A mere four months after the signing of the Abraham Accords on Sept. 15, more than 70,000 Israelis—nearly one percent of the total Jewish population of Israel—have already paid a visit to the United Arab Emirates. Prior to the signing of the agreement on Aug. 13, Israelis and Emiratis had extremely limited contact.
Leaders in the United States, the UAE and Israel have received well-deserved praise for the success of what seems to be an overnight transition to normalized relations. But what is only now coming to light is the contribution made during the past 10 years by the UAE’s tightly knit Jewish community, consisting of a few hundred ex-pats from dozens of countries, who have been privately practicing their Judaism.
As more Israelis plan to visit the UAE, they would do well to emulate the resident Jewish community, whose respect for the Bedouin values that govern it played a key role in achieving this historic peace.
The defining virtue, as we have experienced, is “radical” hospitality.
As one Emirati friend explains: “If you have a home, are hospitable and continuously invite guests, it still remains yours even if your guests greatly outnumber you. In fact, if your goal was to share your excess resources with others, it makes the home even more yours.”
This hospitable Bedouin value system has evolved over the course of thousands of years. It did not come about as a nicety, but as a necessity to survive in the harsh desert conditions. It is so ingrained in the culture that the tradition requires Bedouin to take all guests, including enemies, into their dwelling place for three days. This is how the UAE works and how its multicultural community coexists together.
In 2019, His Excellency Sheikh Nahyan al Nahyan, Minister of Tolerance, oversaw the publication of a book titled Celebrating Tolerance, which enabled dozens of diverse religious communities in the UAE to tell their own story, and in their own words. The presence of a chapter devoted to the Jewish community, despite its relatively small numbers, represented the first official endorsement of the resident Jewish community. This is the first new Jewish community to be established in the Arab world in centuries.
But such hospitality is not a one-way street. The reciprocal obligation that a guest ought to undertake is one that we have sought to be the bedrock of the resident Jewish community: radical gratitude.
Responding to this historic hospitality of Jews in the UAE, community leaders here and international friends presented a Torah scroll to the Crown Prince of Abu Dhabi, His Highness Sheikh Mohammed bin Zayed Al Nahyan, in honor of his late father, Sheikh Zayed bin Sultan Al Nahyan, the founder of the UAE. This Torah is the first ever to be gifted to an Arab ruler.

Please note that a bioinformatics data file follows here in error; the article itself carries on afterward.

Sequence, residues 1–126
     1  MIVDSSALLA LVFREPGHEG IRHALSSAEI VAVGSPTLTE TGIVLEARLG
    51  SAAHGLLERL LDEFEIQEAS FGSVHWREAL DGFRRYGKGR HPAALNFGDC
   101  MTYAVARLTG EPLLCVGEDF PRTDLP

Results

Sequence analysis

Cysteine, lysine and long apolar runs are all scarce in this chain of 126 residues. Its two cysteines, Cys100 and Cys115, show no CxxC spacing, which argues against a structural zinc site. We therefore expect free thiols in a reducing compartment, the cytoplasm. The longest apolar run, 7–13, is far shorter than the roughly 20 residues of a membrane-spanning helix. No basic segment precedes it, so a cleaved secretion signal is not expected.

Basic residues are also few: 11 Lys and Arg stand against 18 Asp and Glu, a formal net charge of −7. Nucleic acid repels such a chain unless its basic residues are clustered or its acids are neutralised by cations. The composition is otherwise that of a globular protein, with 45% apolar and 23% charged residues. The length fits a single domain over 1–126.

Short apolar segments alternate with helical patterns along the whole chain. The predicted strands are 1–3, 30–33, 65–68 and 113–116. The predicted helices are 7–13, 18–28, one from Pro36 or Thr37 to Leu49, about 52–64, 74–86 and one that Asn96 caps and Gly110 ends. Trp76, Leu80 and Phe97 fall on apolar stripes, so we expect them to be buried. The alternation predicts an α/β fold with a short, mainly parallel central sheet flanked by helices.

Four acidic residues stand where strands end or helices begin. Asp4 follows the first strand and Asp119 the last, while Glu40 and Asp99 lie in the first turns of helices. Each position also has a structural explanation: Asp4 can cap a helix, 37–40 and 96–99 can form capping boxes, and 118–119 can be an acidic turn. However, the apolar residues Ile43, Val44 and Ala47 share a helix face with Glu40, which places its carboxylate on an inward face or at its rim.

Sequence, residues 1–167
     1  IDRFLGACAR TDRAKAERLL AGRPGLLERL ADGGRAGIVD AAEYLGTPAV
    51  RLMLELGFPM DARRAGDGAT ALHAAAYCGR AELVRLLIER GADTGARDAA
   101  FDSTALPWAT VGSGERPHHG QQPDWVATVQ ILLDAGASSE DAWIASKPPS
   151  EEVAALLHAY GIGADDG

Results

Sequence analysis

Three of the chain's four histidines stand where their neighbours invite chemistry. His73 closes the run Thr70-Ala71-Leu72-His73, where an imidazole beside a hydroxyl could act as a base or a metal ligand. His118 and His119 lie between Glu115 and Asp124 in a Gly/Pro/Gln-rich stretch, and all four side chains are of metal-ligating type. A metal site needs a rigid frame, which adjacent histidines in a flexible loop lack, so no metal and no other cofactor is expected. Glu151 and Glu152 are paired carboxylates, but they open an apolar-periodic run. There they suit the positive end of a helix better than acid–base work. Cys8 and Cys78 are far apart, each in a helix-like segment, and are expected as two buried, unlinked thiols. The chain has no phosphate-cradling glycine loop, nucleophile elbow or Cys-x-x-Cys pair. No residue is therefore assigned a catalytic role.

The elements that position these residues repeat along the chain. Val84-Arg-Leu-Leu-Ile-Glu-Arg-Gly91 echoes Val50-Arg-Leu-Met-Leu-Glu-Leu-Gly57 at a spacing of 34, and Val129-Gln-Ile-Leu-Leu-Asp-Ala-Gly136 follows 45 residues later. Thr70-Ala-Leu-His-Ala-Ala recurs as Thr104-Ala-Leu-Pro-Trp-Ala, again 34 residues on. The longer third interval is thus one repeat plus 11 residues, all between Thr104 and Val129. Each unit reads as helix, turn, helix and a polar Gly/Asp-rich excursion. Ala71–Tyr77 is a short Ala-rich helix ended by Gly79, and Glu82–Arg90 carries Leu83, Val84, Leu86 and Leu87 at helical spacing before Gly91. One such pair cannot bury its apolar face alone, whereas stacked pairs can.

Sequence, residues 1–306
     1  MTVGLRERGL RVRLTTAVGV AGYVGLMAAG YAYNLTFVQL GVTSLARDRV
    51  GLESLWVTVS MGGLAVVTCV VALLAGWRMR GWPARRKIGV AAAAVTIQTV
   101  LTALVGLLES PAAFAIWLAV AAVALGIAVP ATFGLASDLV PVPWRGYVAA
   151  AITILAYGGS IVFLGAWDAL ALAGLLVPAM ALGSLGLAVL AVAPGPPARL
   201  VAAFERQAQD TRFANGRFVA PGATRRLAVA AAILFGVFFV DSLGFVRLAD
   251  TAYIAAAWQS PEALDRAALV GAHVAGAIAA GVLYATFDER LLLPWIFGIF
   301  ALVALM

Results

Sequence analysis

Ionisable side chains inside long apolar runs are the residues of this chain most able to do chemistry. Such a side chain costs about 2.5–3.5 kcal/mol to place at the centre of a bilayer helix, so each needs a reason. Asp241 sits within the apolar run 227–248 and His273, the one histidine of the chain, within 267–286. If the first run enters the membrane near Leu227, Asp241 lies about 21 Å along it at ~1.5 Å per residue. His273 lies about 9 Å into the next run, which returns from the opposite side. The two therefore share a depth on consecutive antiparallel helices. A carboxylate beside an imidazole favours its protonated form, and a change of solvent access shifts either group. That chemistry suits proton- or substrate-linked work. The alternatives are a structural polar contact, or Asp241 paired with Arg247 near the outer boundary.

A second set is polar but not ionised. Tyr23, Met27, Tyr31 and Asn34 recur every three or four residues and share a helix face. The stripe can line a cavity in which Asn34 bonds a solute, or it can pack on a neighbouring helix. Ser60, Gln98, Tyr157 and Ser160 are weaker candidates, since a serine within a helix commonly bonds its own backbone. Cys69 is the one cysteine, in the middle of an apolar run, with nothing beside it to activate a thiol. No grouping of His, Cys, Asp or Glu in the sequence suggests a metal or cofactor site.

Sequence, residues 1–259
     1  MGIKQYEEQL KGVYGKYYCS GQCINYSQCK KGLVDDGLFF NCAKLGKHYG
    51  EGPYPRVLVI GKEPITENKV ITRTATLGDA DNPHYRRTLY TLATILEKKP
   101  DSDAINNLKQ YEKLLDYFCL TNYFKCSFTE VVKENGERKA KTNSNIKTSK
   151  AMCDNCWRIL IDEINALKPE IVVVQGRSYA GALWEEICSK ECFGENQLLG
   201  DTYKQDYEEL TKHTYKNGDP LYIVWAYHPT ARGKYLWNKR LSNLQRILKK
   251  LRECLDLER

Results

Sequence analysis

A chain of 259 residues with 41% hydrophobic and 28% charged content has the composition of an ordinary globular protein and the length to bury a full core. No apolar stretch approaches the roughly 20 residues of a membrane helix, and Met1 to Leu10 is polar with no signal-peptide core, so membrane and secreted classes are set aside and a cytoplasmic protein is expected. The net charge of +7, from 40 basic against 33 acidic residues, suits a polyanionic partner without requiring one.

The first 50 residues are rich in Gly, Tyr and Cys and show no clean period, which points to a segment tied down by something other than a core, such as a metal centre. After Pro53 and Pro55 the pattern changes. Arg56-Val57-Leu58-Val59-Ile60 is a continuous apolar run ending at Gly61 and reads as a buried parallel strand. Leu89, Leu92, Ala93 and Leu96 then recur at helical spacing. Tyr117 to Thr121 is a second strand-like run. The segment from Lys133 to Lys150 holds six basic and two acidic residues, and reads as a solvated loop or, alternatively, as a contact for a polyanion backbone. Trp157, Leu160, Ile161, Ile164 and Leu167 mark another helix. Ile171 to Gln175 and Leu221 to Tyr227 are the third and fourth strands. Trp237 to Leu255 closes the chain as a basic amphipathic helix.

Radical gratitude, however, should not be limited to the relationship with the sovereign. To be radically grateful is a mindset that must extend to all who are around us. For this past Rosh Hashanah, the Jewish new year, the Jewish community was hosted for services and meals at the Atlantis on the Palm Hotel.
The celebrations were exquisite. Hundreds of people joined in person. Hundreds more gathered online for a pre-holiday ceremony with UAE Ambassador to the United States Yousef al-Otaiba. At the close of the holiday, we called in every member of the Atlantis staff who made the event possible and gave them a standing ovation.
One Lebanese chef was so touched by this positive exposure to Jews that he recorded it on his phone and sent it to his family in Lebanon. A waiter from Pakistan and a sous-chef from Thailand did the same. Radical hospitality begets radical gratitude.
To be sure, there will be those who will mistakenly choose to “opt out” of this cycle, to take advantage of the openness that the Emiratis are extending. Our view is that they should heed the successful example of the resident Jewish community to respond with gratitude.
For Israelis, the new relationship with the UAE presents an opportunity to forge a genuinely “warm peace.” A warm peace is not just an arrangement between militaries or an agreement between banks; it is an understanding between people. The resident Jewish community has blazed the path for regional reconciliation in the hopes that others will follow.
Rabbi Yehuda Sarna is the Chief Rabbi of the Jewish Community in the United Arab Emirates.
Michael Sussman is CEO of Sussman Corporate Security and editor of the book “Variety of Multiple Modernities: New Research Design.”
Be a part of our community
JNS serves as the central hub for a thriving community of readers who appreciate the invaluable context our coverage offers on Israel and their Jewish world.
Please join our community and help support our unique brand of Jewish journalism that makes sense.